A student may appeal the decision of the Judicial Board or the Dean of Students' designee only when one or more of the following is true: new evidence that has bearing on the complaint has become available and which was unavailable at the time the decision was made; the Judicial Board made errors in its interpretation or application of college policies which resulted in an unjust result; and/or the sanctions imposed by the Board are excessive in relation to the offense.

    A student must file a written appeal directly to the Vice President of Student Affairs within 30 days of the Board's original decision. The Vice President of Student Affairs will consider the appeal and render her/his decision in a timely manner. The Vice President of Student Affairs may: choose to dismiss the appeal as being without merit; amend, revise, or reduce the original sanctions; call for a rehearing of the complaint; overturn the Board's decision by dismissing the original complaint; or let the Board's original decision stand. The decision of the Vice President of Student Affairs is considered final.


    III. Anti-Retaliation Statement


    The College does not tolerate retaliatory behavior of any kind. While it may be understandable that students may express frustration or disappointment when the Judicial Board does not find in their favor, it is important to understand that any behavior that is deemed by the Dean of Students to be retaliatory in nature could result in the imposition of sanctions. Therefore, all members of the College community who participate in judicial hearings have the right to assume that the College will treat any retaliatory behavior as a serious disciplinary issue.

     


    SECTION FOUR – STUDENTS’ RIGHTS AND RESPONSIBILITIES

     

    I. Students’ Rights and Responsibilities

    The following rights and responsibilities apply to any student who is required to appear before the Judicial Board:

    • The right to a full description of the alleged violation;
    • The right to ask questions, prior to the hearing date, of the Dean of Students or her/his designee regarding the disciplinary process and the possible sanctions that could result from the Judicial Board;
    • The right to know the names of the Judicial Board members;
    • The responsibility to avoid discussing this matter with any member of the Board in advance of the hearing;
    • The right to know two weeks in advance the date and time of the scheduled hearing;
    • The right to request a change in the date and/or time of the hearing if s/he is unable to attend the appointed time (Note: a student must submit this request in writing to the Dean of Students no fewer than three working days before the scheduled hearing; the Dean of Students will decide if the request is warranted; only one change in date and/or time will be granted);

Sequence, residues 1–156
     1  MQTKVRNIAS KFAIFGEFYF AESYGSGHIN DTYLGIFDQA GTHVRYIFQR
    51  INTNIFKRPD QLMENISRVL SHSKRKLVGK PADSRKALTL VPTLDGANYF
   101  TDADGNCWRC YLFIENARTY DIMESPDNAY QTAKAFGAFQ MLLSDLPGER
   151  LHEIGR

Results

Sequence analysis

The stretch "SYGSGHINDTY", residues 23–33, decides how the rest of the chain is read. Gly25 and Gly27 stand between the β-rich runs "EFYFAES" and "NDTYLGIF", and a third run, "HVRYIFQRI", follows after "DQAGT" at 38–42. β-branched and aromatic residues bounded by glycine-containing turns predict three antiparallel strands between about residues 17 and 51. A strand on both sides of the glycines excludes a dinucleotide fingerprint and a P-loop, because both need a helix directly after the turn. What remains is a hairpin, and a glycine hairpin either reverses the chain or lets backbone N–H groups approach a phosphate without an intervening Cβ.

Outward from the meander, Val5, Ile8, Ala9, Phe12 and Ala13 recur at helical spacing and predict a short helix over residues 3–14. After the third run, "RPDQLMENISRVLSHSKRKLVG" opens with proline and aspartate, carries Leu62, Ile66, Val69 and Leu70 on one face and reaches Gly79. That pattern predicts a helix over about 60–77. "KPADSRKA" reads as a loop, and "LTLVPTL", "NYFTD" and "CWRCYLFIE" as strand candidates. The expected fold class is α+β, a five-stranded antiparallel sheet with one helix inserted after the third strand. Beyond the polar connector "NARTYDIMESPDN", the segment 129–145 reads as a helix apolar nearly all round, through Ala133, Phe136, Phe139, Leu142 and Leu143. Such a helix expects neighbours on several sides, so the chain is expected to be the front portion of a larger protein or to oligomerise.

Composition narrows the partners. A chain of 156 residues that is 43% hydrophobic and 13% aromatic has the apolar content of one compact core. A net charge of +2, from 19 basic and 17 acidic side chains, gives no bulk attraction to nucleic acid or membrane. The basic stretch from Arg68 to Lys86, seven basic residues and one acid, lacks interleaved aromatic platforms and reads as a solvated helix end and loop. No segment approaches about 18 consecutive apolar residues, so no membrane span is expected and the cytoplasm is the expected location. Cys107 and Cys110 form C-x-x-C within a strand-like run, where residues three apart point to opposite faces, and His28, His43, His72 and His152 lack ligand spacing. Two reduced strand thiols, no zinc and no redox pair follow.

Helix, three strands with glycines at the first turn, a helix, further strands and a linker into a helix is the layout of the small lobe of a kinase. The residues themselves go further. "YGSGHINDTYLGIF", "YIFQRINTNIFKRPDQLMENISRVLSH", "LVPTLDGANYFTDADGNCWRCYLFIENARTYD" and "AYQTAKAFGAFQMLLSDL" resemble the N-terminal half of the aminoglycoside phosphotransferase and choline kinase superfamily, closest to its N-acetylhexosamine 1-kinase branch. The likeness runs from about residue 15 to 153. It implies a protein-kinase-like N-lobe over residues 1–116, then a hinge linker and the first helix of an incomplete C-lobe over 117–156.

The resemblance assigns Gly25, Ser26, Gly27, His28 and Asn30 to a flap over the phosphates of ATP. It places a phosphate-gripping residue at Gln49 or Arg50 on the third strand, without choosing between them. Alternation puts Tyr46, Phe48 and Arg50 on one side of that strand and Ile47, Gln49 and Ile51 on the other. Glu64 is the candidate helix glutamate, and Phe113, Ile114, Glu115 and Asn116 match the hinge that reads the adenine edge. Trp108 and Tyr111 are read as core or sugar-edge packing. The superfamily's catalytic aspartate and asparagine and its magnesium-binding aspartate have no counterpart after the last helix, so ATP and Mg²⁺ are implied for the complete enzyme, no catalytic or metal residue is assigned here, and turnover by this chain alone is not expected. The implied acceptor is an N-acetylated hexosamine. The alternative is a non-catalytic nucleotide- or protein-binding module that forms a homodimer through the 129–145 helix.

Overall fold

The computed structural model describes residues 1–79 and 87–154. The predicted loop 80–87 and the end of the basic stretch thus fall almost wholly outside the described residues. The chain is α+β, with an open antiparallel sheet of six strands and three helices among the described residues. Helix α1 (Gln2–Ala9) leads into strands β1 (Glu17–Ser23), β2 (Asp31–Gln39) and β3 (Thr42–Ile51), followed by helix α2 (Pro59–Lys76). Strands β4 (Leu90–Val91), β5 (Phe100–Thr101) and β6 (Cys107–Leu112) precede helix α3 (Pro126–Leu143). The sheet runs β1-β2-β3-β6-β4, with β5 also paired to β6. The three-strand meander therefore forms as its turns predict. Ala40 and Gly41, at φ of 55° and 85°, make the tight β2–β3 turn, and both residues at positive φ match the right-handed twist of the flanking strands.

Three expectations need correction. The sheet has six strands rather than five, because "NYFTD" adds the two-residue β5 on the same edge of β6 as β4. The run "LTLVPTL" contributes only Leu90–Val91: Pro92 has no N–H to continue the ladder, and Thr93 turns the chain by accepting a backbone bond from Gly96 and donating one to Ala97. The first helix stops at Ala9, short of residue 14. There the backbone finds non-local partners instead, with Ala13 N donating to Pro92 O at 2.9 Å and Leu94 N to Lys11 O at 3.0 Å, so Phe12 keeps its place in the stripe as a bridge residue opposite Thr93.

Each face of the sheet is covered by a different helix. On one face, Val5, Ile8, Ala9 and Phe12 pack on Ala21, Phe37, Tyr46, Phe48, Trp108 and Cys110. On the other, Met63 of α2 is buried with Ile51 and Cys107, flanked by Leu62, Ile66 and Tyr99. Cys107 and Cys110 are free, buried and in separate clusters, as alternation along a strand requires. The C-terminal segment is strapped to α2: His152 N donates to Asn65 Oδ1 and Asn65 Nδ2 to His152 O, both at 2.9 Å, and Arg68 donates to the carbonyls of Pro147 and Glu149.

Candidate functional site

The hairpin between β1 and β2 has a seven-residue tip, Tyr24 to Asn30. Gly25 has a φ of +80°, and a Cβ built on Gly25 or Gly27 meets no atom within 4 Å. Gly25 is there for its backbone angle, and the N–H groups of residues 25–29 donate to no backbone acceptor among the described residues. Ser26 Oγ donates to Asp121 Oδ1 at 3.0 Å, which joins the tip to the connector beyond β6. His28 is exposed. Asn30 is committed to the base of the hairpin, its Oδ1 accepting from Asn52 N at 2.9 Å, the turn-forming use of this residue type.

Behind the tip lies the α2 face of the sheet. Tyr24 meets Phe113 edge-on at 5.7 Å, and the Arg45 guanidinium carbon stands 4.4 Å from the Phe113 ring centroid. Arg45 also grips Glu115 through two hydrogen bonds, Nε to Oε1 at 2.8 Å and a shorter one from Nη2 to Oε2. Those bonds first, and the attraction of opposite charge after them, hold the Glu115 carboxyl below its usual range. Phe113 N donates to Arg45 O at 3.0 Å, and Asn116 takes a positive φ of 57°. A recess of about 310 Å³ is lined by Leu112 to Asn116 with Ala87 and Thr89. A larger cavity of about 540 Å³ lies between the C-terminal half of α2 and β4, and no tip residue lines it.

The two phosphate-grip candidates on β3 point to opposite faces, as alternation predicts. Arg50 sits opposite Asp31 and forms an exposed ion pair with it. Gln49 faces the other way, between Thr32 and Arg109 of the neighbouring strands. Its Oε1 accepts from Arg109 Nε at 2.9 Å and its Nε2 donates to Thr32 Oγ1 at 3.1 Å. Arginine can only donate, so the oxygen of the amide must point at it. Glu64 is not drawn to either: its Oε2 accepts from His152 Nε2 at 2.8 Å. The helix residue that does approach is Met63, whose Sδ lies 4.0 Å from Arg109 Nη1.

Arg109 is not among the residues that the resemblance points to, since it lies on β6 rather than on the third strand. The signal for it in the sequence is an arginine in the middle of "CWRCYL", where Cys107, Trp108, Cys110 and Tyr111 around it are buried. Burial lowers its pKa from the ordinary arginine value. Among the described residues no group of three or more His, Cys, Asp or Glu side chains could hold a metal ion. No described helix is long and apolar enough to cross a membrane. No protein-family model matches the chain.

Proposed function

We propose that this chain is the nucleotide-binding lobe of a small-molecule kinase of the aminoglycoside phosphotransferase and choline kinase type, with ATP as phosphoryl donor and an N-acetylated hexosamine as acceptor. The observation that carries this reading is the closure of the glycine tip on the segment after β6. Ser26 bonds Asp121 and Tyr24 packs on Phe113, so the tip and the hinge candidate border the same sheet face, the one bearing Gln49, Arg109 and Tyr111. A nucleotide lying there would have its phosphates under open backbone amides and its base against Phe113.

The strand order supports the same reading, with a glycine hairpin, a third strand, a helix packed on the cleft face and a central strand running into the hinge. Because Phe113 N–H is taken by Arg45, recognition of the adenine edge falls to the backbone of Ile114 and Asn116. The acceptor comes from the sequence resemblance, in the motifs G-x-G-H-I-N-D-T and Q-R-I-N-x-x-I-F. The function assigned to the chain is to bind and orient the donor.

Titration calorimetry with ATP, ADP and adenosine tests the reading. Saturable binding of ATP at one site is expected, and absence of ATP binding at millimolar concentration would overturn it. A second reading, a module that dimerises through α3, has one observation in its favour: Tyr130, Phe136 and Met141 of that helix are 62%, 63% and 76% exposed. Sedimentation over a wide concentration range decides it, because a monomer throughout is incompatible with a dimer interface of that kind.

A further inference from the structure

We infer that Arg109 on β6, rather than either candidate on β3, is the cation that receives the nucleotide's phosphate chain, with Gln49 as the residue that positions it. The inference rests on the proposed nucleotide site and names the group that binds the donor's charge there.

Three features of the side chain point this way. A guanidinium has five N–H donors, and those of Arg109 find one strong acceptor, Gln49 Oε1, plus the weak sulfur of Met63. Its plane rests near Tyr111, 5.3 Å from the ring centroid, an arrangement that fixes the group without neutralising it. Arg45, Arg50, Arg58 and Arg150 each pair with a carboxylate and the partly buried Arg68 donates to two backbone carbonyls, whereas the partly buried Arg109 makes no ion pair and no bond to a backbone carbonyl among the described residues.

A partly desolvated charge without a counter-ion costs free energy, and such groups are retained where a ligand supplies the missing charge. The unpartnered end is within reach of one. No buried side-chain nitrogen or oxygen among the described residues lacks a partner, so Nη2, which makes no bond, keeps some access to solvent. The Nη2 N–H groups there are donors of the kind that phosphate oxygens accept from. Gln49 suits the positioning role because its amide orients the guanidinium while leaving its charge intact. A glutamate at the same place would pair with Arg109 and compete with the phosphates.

• The right to have an advisor present at the Judicial Board hearing. An advisor may be any current member of the Columbia College community, such as a faculty member or staff advisor. A fellow student may also be an advisor if that student is not also accused or is not currently involved in a judicial hearing or is not her/himself a witness to the judicial hearing in which s/he is serving as an advisor. Advisors serve in a support capacity; advisors do not speak at the hearing nor do they ‘represent’ accused students at the hearing; advisors do not serve as legal counsel; legal counsel is not permitted at hearings;
    • The right to request a separate hearing when the incident in question involves more than one accused student;
    •  The right to present witnesses to the Board in support of his position;
    • The responsibility to submit names of witnesses to the Board at least two working days in advance of the judicial hearing;
    • The responsibility to contact witnesses to request their appearance at the judicial hearing;
    • The responsibility to appear before the Board at the scheduled day and time;
    • The right to present a closing statement after all witnesses and the complainant
      have been interviewed;
    • The right to be present for testimony of all witnesses and complainants;
    • The right to know the name(s) of the complainant(s);
    • The right to receive notification of the Judicial Board's decision within five working days of the Board's resolution;
    • A student may appeal the decision of the Judicial Board or the Dean of Students' designee only when one or more of the following is true: new evidence that has bearing on the complaint has become available and which was unavailable at the time the decision was made; the Judicial Board made errors in its interpretation or application of College policies which resulted in an unjust result; and/or the sanctions imposed by the Board are excessive in relation to the offense. Appeals must be made in writing to the Dean of Students within 30 days of the Board's
      original decision (see Appeals);
    • The right to have hearings and documentation kept confidential. Access to disciplinary information is closed; however, the Dean of Students reserves the right to provide information only to those individuals who, in her/his sole judgment, have an interest in the outcome of a judicial proceeding. The release of any disciplinary information will comply with all federal, state, and local laws.

     


    SECTION FIVE – DISCIPLINARY SANCTIONS

     

    I. Disciplinary Sanctions